Not far from this spot, we shimmied up an opening in the wall to the left. A short climb brought us to the plateau of rock above. (More places to explore on another day.) We crossed over to the far corner and began our drop down into the canyon on the other side. The sun was dropping and it was time to go home. The remaining adventure would be working back in the direction of the cars.
Doing the Sandstone Descent
The drop down into the canyon involved a fair amount of exposure that could not be avoided easily. The writer is proud to say that all fourteen hikers made the descent like pros! During the tricky maneuver, Mike suggested a shadow photo! ("Now?" the photog thought!) Anywho, it is a great photo! It reminds the writer of the hiking club's business cards!
We funneled down to the ground and crossed the desert back to the immediate Subway area where we dropped back into the Subway on the other side from where we left it. Another small break was necessary and we sat for a few minutes before making the final leg of the journey.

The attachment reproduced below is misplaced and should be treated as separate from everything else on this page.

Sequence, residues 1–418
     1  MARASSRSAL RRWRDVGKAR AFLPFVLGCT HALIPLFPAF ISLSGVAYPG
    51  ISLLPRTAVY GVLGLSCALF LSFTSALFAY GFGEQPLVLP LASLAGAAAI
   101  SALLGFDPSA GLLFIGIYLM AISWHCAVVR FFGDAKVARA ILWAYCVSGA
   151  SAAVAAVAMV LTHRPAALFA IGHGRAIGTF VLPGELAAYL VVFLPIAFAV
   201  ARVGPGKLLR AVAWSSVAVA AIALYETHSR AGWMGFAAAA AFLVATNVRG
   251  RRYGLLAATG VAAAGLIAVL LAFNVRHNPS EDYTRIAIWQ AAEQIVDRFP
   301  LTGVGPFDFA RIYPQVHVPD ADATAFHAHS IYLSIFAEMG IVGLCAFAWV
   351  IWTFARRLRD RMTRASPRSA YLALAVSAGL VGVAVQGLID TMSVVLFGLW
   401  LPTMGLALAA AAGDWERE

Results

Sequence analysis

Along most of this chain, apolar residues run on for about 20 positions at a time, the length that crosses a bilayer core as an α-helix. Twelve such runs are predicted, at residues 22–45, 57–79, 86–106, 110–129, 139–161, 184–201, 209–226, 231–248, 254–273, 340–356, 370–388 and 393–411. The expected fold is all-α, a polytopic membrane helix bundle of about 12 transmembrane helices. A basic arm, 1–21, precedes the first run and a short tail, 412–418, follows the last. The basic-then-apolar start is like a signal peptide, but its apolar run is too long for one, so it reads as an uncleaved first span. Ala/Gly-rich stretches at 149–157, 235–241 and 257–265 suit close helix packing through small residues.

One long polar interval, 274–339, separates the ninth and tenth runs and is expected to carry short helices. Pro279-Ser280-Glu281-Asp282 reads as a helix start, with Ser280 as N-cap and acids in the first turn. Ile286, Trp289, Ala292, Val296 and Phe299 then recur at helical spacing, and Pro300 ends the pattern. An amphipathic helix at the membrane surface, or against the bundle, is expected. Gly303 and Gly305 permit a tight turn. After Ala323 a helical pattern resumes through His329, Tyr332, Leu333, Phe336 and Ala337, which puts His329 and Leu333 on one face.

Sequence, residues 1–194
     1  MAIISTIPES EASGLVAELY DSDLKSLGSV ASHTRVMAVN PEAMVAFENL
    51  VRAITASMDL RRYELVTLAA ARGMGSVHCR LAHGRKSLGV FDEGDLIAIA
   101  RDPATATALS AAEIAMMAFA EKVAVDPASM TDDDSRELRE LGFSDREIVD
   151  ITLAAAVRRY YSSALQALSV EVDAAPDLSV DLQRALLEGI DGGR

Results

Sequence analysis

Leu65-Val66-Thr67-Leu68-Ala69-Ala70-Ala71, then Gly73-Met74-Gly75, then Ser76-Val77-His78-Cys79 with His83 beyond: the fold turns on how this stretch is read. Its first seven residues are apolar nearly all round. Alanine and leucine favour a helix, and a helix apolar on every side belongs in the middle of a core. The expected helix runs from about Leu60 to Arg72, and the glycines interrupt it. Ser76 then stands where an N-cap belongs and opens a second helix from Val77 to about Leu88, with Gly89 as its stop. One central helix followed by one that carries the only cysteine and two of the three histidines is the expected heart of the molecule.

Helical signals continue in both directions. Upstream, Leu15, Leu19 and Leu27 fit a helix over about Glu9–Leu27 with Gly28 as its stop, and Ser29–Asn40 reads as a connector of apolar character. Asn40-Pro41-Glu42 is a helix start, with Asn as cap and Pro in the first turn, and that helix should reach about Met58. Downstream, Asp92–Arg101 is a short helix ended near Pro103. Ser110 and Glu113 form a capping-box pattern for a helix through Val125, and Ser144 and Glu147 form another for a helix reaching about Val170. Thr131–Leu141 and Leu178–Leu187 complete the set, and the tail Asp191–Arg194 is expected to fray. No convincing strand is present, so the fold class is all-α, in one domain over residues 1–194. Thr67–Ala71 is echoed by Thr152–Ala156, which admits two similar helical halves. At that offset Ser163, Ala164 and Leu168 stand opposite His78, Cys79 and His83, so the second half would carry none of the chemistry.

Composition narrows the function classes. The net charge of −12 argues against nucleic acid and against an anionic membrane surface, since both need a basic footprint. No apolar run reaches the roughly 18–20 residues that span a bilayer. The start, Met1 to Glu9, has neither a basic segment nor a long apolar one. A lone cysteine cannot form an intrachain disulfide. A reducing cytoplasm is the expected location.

Crossing the Desert Via Baby Butte Box Canyon
Hiking through the Arch
Wash to Baby Butte
We climbed up to the plateau from where we came and hiked through an arch. Next, we dropped into a colorful wash, hiked across the desert, crossed a deep wash, and passed the base of Baby Butte on the other side. Not far from Baby Butte is yet another box canyon. We ventured in. We winded up to pass "toilet seat rock" and came down to ascend one more slot of scrambling as seen to the left above.
Finally, the scrambling was done and we hiked the desert, road and cow path getting back to the cars, a welcome sight! Yep! We got our money's worth in Gold Butte today. Fourteen hikers were exhausted and looking forward to a hot bath, a meal and a beer! .... Can't wait till next year!